Initiated as an add-on trip to the Council of International Schools (CIS) South Asia Tour and coordinated by Scholarships for USA (Pvt) Ltd. (www.scholarshipsforusa.com) Washington and Jefferson College would be visiting Colombo on 4-5 October in the company of few prestigious universities rarely travelled to the Island before.
Highlight of the visit would be an opening evening where the best achievers of the nation could discuss with each rep of admissions and financial aid.
One of the nation’s oldest and most distinguished four-year colleges of liberal arts and sciences, Washington & Jefferson College (W&J) has spent more than two centuries educating thousands of students who have become leaders in every professional field – doctors, lawyers, judges, engineers, scientists, researchers and many more all owe their success to the education they received at W&J.
Founded in 1781, the college is a modern institution rich in history. W&J boasts a longstanding reputation as a leading national liberal arts college that is committed to developing the potential of every student. Classes are small in size, so that one teacher has about eleven students in each class. The largest lectures number about thirty students and professors devote significant time and attention to their students and are committed to their individual success.
Washington & Jefferson’s campus is nestled among the rolling hills of western Pennsylvania in the city of Washington, a community of more than 15,000 people, 50 kilometres/30 miles southwest of Pittsburgh, a major metropolitan city. W&J’s campus is only a 30 minute drive from the Pittsburgh International Airport, which is within a 90-minute flight of 70 per cent of North America’s population.
Students can travel to Pittsburgh on a free shuttle provided by the College and take advantage of world-class museums, restaurants and other cultural opportunities. Pittsburgh recently hosted the G-20 Summit of world leaders, where President Obama described the city as “a model for turning the page to a 21st century economy.” The mayor of Pittsburgh is an alumnus of W&J, and the youngest mayor of any major U.S. city.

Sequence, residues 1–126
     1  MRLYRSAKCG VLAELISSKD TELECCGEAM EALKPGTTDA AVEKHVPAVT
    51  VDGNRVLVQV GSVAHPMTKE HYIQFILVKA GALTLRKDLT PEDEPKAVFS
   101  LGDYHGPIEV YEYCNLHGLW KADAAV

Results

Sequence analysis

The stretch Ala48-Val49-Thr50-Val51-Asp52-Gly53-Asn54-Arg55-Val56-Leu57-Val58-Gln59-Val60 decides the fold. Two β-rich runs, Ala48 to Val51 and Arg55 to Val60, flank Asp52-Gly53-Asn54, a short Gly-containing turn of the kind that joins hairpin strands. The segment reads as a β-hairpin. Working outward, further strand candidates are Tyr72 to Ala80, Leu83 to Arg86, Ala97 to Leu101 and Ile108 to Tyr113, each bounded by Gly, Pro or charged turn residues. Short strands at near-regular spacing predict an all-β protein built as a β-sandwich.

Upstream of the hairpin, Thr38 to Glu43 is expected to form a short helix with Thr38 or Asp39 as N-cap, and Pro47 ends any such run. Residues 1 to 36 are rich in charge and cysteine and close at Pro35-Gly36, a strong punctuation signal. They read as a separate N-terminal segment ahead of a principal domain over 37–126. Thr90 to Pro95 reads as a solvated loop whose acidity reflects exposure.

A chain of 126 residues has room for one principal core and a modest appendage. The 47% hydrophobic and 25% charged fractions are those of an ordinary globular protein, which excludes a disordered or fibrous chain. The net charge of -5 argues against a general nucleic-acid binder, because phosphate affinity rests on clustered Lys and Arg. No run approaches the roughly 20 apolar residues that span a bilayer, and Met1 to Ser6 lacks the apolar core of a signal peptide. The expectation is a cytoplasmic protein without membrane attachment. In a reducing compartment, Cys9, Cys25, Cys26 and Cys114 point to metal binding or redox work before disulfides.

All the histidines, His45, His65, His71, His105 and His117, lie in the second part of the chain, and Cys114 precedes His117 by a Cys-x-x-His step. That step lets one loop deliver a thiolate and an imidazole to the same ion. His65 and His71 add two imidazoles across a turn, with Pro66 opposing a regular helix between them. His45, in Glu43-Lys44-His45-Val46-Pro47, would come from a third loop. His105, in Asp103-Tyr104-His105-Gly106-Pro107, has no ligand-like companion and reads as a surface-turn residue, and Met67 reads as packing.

From their first day on campus, students at W&J experience the institution’s commitment to internationalisation. They learn about W&J’s mission to “graduate men and women of uncommon integrity…who are prepared to contribute substantially to the world in which they live.”
The College President recites the countries where members of the first-year class have lived, studied, and provided service. She counsels students, “Whatever you do as your life’s work, you will find that our society is no longer local but global. As you design your education, keep your eye on the globe.” Global citizenship is celebrated.
President Tori Haring-Smith, who has lived in Egypt and headed a foundation devoted to global education, is committed to internationalisation. She established the Office of Global Education, with a staff dedicated to providing students with international programming. This office welcomes more than 60 international students annually. Administrators regularly travel abroad to help build international programmes.
International business, entrepreneurial studies, information technology leadership and engineering are all popular majors at W&J. The small size of the College ensures that students are able to take advantage of internships and research opportunities not usually available to undergraduate students.
As a student of junior standing, Taylor Eddens, a pre-health student, won an internship at the Philadelphia College of Osteopathic Medicine. There he worked with W&J alum to co-author research that he later presented to the World Vaccine Congress in Beijing, China – a group of 800 of the world’s leading scientists from 25 countries. Unique opportunities like these are why W&J can boast that more than 90% of graduates are employed or in graduate school six months after graduation.